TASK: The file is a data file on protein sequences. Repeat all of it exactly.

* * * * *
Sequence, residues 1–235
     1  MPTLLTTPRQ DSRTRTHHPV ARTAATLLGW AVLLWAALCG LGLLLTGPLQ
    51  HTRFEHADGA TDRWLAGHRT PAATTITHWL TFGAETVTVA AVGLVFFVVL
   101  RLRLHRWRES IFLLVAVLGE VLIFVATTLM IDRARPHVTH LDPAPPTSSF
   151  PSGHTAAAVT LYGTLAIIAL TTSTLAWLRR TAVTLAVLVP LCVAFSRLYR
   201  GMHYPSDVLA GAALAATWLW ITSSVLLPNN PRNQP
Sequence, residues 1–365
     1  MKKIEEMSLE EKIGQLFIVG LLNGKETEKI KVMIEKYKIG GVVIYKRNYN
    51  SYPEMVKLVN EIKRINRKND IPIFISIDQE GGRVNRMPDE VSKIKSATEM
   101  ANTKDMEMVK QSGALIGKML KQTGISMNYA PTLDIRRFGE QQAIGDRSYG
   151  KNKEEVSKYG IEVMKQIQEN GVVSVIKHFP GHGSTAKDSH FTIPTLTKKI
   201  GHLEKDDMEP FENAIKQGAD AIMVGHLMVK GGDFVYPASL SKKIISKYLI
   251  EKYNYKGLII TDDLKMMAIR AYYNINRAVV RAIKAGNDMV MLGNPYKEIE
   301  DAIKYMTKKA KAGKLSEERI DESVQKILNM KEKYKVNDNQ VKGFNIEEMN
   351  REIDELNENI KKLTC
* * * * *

Sequence, residues 1–235
     1  MPTLLTTPRQ DSRTRTHHPV ARTAATLLGW AVLLWAALCG LGLLLTGPLQ
    51  HTRFEHADGA TDRWLAGHRT PAATTITHWL TFGAETVTVA AVGLVFFVVL
   101  RLRLHRWRES IFLLVAVLGE VLIFVATTLM IDRARPHVTH LDPAPPTSSF
   151  PSGHTAAAVT LYGTLAIIAL TTSTLAWLRR TAVTLAVLVP LCVAFSRLYR
   201  GMHYPSDVLA GAALAATWLW ITSSVLLPNN PRNQP
Sequence, residues 1–365
     1  MKKIEEMSLE EKIGQLFIVG LLNGKETEKI KVMIEKYKIG GVVIYKRNYN
    51  SYPEMVKLVN EIKRINRKND IPIFISIDQE GGRVNRMPDE VSKIKSATEM
   101  ANTKDMEMVK QSGALIGKML KQTGISMNYA PTLDIRRFGE QQAIGDRSYG
   151  KNKEEVSKYG IEVMKQIQEN GVVSVIKHFP GHGSTAKDSH FTIPTLTKKI
   201  GHLEKDDMEP FENAIKQGAD AIMVGHLMVK GGDFVYPASL SKKIISKYLI
   251  EKYNYKGLII TDDLKMMAIR AYYNINRAVV RAIKAGNDMV MLGNPYKEIE
   301  DAIKYMTKKA KAGKLSEERI DESVQKILNM KEKYKVNDNQ VKGFNIEEMN
   351  REIDELNENI KKLTC